A little butcher shop on the outskirts of Ste. Geneviève is home to the famous Oberle sausage, or as it’s more commonly known the Oberle Dog. The Oberle Dog is courtesy of Ste. Geneviève’s German heritage. Germans from the Southern Black Forest region immigrated here from the 1830s to the 1870s when the Oberle family brought their sausage recipe to the area.
Nuts for Ste. Geneviève – Pecans
If you’re looking for something to satisfy your sweet tooth, try some pralines made from the pecans of the Carya illinoinensis tree. Known for its naturally sweet taste, this pecan tree is native to Missouri and can be found growing in the deep alluvial soils of the Mississippi River.
“Flat-boatmen drifting down the river at night could know when they are passing Ste. Geneviève by the perfume of the flowers wafted across the river.” ~New York Times Aug 22, 1935 Page 14
Staying true to their past, the sweet smells of perfume still waft in Ste. Geneviève. Enjoy the colonial gardens at the Felix Valle, J. B. Valle, and the Bolduc houses, as well as several mini-gardens located around town. Also, the Master Gardeners of Ste. Geneviève hosts garden walks and tours each year.
An enduring symbol of Ste. Geneviève’s French culture, the fleur de lis, is based on the lily, the official town flower. Fleur de Lis can be seen all over Ste. Geneviève.
Following Nature In Her Walks
“During all these years there existed within me a tendency to follow Nature in her walks.”
~ John James Audubon
That “tendency” inspired the naturalist and ornithologist, John James Audubon to follow Nature when he came to Ste. Geneviève in 1812.
After a brief stint as a storekeeper with his business partner Ferdinand Rozier, Audubon soon abandoned that venture for the work that would define his life.
Visitors can learn more about this visionary in the lobby of the hotel named after him.
Hikers can “follow Nature in her walks” in the same scenic areas Audubon did – Hawn State Park, Pickle Springs, Hickory Canyon, and Magnolia Hollow. And closer to town, visit the Ste. Geneviève Levee Wildlife Refuge and Lake Audubon in Ste. Geneviève.
Ste. Genevieve’s Pere Marquette Park hosted a Professional Disc Golf Association-sanctioned tournament on Sunday (August 23).
The Pere Marquette Open, which teed off at 9 a.m., was the first tournament of its kind in Ste. Genevieve. Competitors played 36 holes. Categories included open, advanced, intermediate, recreational and junior. Professionals in the open division competed for prize money.
Ste. Genevieve gets national park designation, but much remains to do before it will open
STE. GENEVIEVE, MO. • The iconic National Park Service arrowhead emblem that directs visitors to famous national landmarks, such as Yellowstone and Yosemite, will eventually point tourists to a small Mississippi River town where French houses date to the 1700s.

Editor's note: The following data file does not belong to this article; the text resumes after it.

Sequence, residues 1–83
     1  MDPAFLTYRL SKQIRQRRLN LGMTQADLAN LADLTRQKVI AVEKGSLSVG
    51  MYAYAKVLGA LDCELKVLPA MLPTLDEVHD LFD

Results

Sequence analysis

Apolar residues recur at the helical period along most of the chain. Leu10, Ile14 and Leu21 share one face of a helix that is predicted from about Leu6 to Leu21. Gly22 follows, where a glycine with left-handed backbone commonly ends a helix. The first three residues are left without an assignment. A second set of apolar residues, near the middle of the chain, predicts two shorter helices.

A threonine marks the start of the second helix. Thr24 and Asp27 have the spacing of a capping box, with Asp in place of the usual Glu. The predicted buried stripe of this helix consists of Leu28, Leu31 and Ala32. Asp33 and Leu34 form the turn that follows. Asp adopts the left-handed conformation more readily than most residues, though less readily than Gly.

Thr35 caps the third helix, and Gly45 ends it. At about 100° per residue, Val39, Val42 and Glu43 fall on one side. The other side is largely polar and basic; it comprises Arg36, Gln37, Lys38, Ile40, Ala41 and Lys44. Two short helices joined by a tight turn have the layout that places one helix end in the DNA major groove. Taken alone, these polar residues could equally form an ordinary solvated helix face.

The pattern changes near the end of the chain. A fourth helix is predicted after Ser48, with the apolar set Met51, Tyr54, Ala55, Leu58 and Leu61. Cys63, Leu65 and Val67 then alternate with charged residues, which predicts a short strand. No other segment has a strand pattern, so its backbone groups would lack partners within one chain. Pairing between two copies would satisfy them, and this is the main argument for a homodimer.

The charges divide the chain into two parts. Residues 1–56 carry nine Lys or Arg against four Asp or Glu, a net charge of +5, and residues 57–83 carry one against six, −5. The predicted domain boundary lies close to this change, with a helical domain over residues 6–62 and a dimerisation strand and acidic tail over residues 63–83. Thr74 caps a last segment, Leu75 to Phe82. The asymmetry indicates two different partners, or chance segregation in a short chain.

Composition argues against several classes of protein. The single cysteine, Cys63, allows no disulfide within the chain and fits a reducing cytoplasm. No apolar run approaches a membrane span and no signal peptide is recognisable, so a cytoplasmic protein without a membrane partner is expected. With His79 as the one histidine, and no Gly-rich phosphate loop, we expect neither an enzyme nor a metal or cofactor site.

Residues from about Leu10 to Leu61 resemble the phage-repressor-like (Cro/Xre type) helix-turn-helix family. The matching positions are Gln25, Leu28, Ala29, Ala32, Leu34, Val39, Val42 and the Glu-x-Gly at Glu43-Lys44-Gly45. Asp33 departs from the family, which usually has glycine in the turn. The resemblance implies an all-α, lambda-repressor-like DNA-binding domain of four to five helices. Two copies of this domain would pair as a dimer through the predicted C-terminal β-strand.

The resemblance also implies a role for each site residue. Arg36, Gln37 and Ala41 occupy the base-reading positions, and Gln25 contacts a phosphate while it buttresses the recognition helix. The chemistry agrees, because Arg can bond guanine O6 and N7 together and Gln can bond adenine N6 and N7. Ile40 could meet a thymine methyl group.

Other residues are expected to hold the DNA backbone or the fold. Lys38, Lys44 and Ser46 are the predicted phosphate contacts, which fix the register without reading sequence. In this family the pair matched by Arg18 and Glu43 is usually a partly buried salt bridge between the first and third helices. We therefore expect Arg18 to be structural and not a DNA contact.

The long-sought formation of the Ste. Genevieve National Historical Park was approved by Congress and signed into law March 23. It authorizes the National Park Service to acquire about 13 acres, including historic buildings, for inclusion in the park about an hour south of St. Louis.
Getting the national park designation was the culmination of 20 years of effort that local officials hope will bring more tourists to the town of nearly 4,500.
Now comes the job of getting it open. When that will happen, likely a few years from now, and specifics about how it will function largely remain unknown.
“We want to see things happen at a fast pace, but I don’t think you can do that, especially when you’re dealing with the federal government,” said Paul Hassler, the town’s mayor for the past year. “There are things that have to be in place and it’s going to take some time.”
He and many others in Ste. Genevieve are bullish on the boost that a national park site will bring to the town, and are eager to work with the National Park Service to do what needs to be done.
Hassler was part of a group who went to Washington last fall to speak before a subcommittee of the U.S. House Committee on Natural Resources to push for the designation. Three people from his Ste. Genevieve contingent dressed in traditional French garb, which is a familiar site around the town — its French colonial past is a core part of the town’s identity, and tourism is a vital part of the area’s economy.
The original Ste. Genevieve settlement was founded around 1735 — the first permanent European settlement in what is now Missouri. The town is famous for its historic buildings that have survived the centuries, especially those using “poteaux-en-terre” construction, which means “posts-in-the-earth” and refers to its vertical logs built directly on the ground. Ste. Genevieve is home to three such buildings, part of the largest concentration of colonial French architecture in North America.